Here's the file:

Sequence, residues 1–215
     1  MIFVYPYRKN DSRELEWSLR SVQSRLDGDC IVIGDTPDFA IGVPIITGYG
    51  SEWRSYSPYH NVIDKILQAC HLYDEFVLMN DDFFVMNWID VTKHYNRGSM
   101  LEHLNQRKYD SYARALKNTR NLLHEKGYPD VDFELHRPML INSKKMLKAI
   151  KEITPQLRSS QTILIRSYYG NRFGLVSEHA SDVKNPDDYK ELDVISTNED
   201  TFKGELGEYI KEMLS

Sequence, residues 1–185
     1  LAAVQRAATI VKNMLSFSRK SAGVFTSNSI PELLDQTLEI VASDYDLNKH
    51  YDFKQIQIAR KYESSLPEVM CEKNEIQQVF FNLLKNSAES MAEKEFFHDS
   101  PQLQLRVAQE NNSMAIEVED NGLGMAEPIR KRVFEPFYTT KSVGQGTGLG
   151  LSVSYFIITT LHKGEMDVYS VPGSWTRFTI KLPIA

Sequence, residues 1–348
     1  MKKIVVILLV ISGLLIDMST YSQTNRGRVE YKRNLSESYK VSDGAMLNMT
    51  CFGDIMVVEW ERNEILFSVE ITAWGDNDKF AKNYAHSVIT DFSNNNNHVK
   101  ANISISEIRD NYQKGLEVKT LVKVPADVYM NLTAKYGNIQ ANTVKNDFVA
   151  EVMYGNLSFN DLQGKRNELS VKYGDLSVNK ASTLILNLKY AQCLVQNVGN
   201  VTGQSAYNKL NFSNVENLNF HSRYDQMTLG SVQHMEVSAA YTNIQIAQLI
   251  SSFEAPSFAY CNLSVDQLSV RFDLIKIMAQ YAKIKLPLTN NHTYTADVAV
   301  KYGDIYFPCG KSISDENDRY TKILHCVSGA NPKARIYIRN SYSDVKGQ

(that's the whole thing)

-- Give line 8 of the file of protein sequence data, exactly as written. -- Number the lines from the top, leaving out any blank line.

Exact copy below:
     1  LAAVQRAATI VKNMLSFSRK SAGVFTSNSI PELLDQTLEI VASDYDLNKH